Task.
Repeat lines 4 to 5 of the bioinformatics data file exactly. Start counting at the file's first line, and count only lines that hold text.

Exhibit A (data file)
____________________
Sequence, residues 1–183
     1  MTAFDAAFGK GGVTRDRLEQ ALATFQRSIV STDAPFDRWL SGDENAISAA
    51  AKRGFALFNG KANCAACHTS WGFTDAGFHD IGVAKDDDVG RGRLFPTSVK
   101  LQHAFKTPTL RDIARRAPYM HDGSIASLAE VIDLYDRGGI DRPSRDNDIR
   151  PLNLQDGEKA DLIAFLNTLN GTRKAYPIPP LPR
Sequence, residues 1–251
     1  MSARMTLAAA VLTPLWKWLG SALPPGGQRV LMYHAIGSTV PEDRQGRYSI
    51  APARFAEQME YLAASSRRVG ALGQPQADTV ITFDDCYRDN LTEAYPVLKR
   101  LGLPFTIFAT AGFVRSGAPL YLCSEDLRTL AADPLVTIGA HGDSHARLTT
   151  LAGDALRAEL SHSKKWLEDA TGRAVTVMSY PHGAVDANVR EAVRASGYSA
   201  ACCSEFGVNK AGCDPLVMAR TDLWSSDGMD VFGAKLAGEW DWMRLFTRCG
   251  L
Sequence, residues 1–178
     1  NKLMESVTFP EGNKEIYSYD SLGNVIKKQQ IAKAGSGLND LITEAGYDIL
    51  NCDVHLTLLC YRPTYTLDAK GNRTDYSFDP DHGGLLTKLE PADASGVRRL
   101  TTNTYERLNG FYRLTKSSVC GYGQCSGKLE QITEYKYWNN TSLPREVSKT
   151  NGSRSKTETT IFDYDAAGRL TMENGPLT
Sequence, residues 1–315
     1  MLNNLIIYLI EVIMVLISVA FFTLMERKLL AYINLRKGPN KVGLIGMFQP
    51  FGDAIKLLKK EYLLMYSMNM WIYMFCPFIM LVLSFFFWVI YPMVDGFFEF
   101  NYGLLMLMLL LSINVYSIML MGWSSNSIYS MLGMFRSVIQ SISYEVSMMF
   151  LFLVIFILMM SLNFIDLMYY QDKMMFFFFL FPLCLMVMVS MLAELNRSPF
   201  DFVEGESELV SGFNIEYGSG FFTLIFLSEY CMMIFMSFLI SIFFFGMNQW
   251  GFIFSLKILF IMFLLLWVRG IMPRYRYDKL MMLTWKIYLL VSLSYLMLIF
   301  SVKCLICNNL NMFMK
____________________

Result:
   101  LQHAFKTPTL RDIARRAPYM HDGSIASLAE VIDLYDRGGI DRPSRDNDIR
   151  PLNLQDGEKA DLIAFLNTLN GTRKAYPIPP LPR